My day from hell would have looked pretty darn good for someone wading through chin-deep water in Houston today. Or someone huddled in a shelter, trying to dry out a clean pair of underwear for tomorrow. Or someone getting by on an hourly wage, trying to figure out how to make ends meet if the electricity really is out for six weeks. Freelancers and entrepreneurs—no internet, no work; no work, no income. I can’t even imagine.

Sending love—and music. This is how we deal with hurricanes in New Jersey. Sing it loud.

“The perfect country song” — Song for a Sunday

Back in 1975, Steve Goodman thought he had written the “perfect country and western song.” His friend, singer-songwriter David Alan Coe disagreed. Oh, Coe liked the song well enough. But he felt it needed a little bit more to make it the perfect country song. So Goodman added a verse.

Here, listen to Coe explain:

I appreciated finding this video embedded in a Rolling Stone article about Coe. It gives proper credit to Goodman—as Coe does in this clip. That doesn’t always happen when people talk about or write about this song.

Of course, I put the “You Never Even Call Me By My Name” in my Steve Goodman tribute show—you can hear a bit of it and its story starting at 1:50 in the clip below. I took the lyrics from Goodman’s recording, so they’re slightly different than Coe’s. No F-bomb, for one.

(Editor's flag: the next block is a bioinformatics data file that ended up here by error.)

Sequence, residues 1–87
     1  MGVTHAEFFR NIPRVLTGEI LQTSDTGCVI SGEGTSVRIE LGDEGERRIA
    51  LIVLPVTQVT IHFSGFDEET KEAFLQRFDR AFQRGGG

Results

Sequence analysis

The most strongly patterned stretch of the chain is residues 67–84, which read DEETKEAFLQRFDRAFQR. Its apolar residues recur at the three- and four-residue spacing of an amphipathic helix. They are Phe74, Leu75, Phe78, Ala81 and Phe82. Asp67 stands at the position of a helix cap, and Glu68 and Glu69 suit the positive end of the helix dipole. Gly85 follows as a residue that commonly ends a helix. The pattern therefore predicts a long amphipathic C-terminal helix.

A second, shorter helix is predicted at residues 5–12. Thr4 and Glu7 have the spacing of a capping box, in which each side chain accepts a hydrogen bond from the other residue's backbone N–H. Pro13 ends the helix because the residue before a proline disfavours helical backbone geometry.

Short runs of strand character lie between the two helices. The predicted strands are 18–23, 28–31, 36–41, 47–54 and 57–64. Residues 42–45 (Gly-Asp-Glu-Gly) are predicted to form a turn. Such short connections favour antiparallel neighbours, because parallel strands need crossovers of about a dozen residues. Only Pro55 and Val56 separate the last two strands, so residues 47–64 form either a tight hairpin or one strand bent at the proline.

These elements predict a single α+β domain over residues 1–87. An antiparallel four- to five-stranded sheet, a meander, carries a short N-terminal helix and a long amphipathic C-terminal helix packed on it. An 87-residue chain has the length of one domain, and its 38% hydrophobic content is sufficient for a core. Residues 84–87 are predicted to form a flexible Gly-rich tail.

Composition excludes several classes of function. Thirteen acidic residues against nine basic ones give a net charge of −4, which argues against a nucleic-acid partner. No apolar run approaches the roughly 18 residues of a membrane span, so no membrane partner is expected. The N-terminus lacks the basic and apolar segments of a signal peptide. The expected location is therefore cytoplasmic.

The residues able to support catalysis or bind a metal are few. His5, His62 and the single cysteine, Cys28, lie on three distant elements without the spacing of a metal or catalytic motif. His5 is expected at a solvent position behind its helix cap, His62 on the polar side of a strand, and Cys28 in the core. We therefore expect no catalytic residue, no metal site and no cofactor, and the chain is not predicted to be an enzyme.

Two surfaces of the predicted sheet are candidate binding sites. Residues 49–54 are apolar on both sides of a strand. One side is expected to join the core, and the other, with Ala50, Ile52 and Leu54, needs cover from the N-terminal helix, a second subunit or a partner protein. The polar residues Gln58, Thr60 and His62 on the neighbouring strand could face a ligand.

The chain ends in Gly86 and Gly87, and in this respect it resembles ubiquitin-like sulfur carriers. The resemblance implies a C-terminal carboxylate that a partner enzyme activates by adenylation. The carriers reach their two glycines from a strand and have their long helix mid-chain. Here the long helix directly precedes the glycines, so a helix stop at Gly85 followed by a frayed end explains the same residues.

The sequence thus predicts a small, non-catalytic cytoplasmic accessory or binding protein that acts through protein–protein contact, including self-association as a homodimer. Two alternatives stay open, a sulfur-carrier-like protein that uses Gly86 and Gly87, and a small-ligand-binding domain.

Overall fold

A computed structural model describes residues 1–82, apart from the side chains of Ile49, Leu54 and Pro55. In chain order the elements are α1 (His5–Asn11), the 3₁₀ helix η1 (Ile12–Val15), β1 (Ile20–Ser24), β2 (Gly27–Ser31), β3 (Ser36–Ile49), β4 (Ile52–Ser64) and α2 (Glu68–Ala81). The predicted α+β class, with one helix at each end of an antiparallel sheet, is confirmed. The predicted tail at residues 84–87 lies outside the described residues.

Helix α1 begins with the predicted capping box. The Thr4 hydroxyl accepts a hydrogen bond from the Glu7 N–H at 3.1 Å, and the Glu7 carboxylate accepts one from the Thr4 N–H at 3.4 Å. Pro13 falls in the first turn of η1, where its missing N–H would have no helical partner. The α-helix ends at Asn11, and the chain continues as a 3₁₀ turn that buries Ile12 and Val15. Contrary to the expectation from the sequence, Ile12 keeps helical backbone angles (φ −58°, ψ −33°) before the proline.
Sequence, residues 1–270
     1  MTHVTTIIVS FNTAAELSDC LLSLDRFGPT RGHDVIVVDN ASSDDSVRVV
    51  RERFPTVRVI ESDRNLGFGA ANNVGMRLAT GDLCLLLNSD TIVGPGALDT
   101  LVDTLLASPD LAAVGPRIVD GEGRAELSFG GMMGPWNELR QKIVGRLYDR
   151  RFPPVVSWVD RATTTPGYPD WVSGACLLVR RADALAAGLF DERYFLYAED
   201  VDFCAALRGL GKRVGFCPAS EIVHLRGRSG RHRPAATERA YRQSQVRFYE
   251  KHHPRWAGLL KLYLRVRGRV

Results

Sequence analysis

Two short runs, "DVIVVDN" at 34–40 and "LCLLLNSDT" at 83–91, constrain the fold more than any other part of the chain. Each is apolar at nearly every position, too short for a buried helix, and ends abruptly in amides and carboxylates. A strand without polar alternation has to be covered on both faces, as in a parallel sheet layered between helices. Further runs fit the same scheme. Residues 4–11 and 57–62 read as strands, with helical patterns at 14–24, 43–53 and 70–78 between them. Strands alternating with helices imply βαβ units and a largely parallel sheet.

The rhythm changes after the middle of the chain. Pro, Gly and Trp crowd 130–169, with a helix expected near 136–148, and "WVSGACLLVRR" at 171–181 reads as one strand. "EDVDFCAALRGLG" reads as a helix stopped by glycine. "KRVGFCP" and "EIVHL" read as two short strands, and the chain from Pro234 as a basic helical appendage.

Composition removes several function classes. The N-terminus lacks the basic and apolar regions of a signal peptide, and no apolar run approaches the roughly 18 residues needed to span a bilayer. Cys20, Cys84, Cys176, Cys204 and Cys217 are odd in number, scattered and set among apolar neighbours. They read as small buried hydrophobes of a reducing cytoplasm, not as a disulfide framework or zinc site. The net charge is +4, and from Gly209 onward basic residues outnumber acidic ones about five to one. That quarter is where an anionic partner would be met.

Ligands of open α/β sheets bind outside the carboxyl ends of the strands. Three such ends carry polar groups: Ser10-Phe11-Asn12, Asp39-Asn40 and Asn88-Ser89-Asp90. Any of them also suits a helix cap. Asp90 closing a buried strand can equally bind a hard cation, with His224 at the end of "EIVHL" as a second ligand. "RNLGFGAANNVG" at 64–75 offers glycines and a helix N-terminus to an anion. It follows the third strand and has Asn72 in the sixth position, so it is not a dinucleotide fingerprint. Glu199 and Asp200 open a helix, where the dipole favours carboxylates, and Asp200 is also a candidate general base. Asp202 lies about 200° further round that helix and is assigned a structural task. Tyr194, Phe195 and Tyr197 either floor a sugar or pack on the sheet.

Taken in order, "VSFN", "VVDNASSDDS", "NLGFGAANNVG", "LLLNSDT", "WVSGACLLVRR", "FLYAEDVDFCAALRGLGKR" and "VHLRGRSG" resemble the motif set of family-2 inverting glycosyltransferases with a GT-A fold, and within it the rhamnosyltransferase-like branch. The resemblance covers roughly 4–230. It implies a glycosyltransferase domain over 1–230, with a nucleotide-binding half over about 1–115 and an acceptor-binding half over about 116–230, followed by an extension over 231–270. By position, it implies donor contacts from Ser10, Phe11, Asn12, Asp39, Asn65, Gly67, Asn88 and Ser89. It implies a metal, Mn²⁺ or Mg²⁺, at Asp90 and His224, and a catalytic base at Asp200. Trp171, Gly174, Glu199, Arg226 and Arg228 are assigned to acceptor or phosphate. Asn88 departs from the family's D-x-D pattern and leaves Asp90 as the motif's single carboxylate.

Well done, Steve.

Steve Goodman wrote the "perfect country song"
Steve Goodman

Elaine St. George: Happy birthday, Arlo

Our first guest blog post comes from…me, the singing side of me. I don’t blog often as Elaine St. George—come to think of it, I don’t sing often as her these days, either. But I’ll take any opportunity to remind the world about the underappreciated singer-songwriter Steve Goodman. So enjoy this post from July 10th, 2015:

Happy birthday, Arlo

by Elaine St. George

Arlo Guthrie
Arlo in 1979, publicity photo from Warner Bros.

It’s Arlo Guthrie’s birthday today. Obviously Arlo holds a special place in the hearts of Steve Goodman fans. His cover of “City of New Orleans” gave Steve his first visibility. Well, as much visibility as a songwriter ever gets when he’s not singing his own song. Even if it’s a hit.

When I bought my first Steve Goodman album in the late ’70s and found “City of New Orleans” on it, I’ll admit I checked the credits twice. Like most of the rest of America, I assumed Steve was covering Arlo’s song. A few years later, of course, that perception changed. When Willie Nelson sang “City of New Orleans” in the mid-’80s, presumed authorship of the song transferred to him. Steve got his first Grammy when Willie’s cover won “Best Country Song.” But by then Steve was no longer around to receive it. He’d died a few months earlier.

And that brings me back to Arlo Guthrie, because in a way it was through him that I rediscovered Steve. Well, not “rediscovered”—I’d never forgotten about him. But that was when I decided to put together a whole show of Steve’s songs. And that show has now turned into an album. But I digress…